In Conclusion

No point trying to expose Smuts as a bad politician or give other politicians credit for one-upmanship over Smuts. Even Smuts admitted he was not great at politics, he left the ‘people skills’ needed for it to Louis Botha and willingly took a back seat, circumstances and fate would push him to the front again.

So, getting Smuts all bogged down in party political racism issues, or more bogged down in the Boer War, Martitz Revolt, Jopie Fourie, Rand Revolt and even Afrikaner Nationalism issues, is merely a rabbit hole, a diversion away from the big picture of what Jan Christiaan Smuts was really all about … the cycle of life and that cycle’s relationship with the human condition and mankind as a whole.

Don’t take my word for it on the oscillating relationship between botany, cycle of life and spiritualism, here’s Jan Smuts in his own words “… evolution is the gradual development and stratification of progressive series of wholes, stretching from the inorganic beginnings to the highest level of spiritual creation.”

The fact is, then and now, no Politician in South Africa, present and past, not one (Nelson Mandela included) – can hold a flame next to Smuts, and it is little wonder when Smuts died King George VI wrote to his wife Isie and said “the force of his intellect has enriched the wisdom of the whole human race“.

4 thoughts on “A Botanist at Heart, not a Politician!

  1. Peter Dickens, re your essay on Jan Smuts: Jan Smuts should be revered as a South African just for his seminal book “Holism and Evolution”, which was published in 1926.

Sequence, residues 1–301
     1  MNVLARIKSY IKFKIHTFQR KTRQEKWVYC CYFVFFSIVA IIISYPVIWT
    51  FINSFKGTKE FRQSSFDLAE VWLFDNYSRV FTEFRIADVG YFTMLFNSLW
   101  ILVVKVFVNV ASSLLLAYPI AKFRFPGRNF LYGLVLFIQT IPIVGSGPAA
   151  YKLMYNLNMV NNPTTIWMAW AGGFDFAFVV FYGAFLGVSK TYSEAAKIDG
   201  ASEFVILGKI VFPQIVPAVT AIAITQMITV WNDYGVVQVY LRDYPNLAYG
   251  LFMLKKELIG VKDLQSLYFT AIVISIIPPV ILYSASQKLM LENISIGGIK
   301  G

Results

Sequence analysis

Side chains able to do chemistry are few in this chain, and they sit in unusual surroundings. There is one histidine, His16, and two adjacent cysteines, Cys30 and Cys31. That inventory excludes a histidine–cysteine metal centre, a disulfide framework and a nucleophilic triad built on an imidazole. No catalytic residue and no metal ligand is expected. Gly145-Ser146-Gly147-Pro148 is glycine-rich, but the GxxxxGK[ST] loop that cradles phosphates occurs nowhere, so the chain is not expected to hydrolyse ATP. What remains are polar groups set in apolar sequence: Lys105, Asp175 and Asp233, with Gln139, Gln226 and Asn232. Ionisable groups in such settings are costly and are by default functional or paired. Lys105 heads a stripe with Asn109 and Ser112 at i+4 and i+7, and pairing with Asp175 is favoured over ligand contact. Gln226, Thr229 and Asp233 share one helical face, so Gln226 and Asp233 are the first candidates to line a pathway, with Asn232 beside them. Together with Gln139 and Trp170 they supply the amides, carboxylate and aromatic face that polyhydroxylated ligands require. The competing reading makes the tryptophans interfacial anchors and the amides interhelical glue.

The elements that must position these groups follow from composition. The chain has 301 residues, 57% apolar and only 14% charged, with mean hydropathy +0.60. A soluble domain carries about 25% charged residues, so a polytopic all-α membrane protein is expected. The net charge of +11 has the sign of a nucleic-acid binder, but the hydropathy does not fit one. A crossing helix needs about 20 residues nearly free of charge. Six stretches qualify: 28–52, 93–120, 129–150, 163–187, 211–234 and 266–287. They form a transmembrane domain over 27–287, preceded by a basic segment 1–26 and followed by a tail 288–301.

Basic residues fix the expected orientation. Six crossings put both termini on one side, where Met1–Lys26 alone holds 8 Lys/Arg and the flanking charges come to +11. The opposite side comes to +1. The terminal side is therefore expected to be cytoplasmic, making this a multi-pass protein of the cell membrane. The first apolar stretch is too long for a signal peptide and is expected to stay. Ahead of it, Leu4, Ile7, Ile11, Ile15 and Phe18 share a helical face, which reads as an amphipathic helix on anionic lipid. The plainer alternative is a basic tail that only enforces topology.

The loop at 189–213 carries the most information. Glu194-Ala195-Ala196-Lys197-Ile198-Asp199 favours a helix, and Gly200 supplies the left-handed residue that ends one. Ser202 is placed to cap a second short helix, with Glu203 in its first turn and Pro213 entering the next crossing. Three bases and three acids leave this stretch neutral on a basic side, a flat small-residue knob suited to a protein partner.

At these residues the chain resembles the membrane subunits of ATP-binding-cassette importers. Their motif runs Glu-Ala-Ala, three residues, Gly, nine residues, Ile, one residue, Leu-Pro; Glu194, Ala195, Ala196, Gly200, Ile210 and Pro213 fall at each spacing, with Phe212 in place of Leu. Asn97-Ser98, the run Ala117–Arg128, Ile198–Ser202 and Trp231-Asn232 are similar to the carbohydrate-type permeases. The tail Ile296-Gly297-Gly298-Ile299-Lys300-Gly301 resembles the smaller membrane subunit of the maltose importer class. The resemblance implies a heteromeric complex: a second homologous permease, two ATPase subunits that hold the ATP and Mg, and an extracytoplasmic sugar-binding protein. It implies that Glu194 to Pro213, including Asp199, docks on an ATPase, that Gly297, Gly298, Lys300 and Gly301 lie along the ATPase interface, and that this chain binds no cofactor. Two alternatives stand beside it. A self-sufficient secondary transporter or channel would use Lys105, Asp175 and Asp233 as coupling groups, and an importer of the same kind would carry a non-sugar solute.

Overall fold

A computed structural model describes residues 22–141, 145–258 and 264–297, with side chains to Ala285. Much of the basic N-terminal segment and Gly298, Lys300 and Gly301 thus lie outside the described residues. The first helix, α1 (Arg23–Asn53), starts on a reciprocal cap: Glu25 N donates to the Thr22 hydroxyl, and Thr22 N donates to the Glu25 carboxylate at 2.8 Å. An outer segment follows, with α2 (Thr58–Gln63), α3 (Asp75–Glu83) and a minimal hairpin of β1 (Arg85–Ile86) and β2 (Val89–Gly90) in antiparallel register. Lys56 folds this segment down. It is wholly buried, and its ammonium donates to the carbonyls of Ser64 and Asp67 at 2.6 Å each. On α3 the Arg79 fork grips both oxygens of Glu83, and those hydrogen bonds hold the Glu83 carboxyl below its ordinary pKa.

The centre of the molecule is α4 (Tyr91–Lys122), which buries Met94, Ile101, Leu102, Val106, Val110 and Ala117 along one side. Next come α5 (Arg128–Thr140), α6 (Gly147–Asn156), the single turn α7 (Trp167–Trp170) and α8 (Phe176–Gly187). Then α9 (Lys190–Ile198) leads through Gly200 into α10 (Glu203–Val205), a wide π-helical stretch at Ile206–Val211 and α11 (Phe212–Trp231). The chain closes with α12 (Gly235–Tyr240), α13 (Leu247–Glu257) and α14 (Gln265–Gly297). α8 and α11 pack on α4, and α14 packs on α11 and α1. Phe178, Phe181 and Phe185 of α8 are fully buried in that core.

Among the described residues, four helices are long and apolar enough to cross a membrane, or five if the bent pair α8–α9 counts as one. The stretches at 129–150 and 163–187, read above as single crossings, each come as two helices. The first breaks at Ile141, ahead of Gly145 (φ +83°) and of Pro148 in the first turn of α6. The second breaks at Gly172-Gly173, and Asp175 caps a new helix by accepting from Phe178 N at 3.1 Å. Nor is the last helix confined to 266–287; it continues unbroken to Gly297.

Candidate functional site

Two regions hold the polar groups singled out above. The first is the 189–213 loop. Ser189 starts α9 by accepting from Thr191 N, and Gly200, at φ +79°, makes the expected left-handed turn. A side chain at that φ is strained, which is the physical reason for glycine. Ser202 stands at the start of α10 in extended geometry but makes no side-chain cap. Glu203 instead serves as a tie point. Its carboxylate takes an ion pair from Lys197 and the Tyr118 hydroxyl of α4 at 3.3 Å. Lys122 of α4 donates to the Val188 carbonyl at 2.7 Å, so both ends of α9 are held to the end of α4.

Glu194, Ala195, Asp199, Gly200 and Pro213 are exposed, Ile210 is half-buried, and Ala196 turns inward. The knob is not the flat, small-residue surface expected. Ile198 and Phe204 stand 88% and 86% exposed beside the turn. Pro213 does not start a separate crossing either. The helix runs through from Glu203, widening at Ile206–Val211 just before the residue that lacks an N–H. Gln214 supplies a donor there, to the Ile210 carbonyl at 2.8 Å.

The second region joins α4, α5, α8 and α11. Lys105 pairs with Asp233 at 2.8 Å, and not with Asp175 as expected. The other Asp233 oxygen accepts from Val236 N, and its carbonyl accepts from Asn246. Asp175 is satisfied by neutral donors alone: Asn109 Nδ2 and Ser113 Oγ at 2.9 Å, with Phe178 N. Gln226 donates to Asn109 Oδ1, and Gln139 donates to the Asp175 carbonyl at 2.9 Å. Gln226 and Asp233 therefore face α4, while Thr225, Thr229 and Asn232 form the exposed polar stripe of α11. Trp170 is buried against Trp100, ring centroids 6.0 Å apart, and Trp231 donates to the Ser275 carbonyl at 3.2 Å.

The late 1800’s and beginning 1900’s saw scientists finding that the old models doesn’t fit all the new discoveries and that “things” / “nature” are more complex. This led to quantum physics, Rorschach’s work in psychology, and Smuts’ Holism, all groundbreaking ideas at a time when it was still generally believed that a timepiece (clock) is the model that describes nature and that you can replace a “broken piece” with a new piece, like a gear in a clock.

    Smuts and his Holism postulated that “the whole is more than the sum of its components” – as you describe in Smuts’ thoughts on grasses. Take away the animals, and the soil will get more and more unfertile, leading to the demise of the grass – so all components are important.

    The example I often use is that of a wetland. The water provide an environment for certain insects and insect larvae, which is a food source to frogs. Frogs again are a food source for some birds, snakes and other animals. So you have a self-regulating, sustainable system. Remove the insects from the system and you remove a food source which will have a domino effect on the whole system.

    At the same time this wetland is part of a bigger system which buffers run-off water during floods, and also deliver clean water fit for human use by filtering out a lot of sediment (e.g. palmiet is a great filter).

    And the clean drinking water allows humans to live.

    Like

Leave a Reply to Hans Hugo Cancel reply

Fill in your details below or click an icon to log in:

WordPress.com Logo

You are commenting using your WordPress.com account. Log Out /  Change )

Twitter picture

You are commenting using your Twitter account. Log Out /  Change )

Facebook photo

You are commenting using your Facebook account. Log Out /  Change )

Connecting to %s

This site uses Akismet to reduce spam. Learn how your comment data is processed.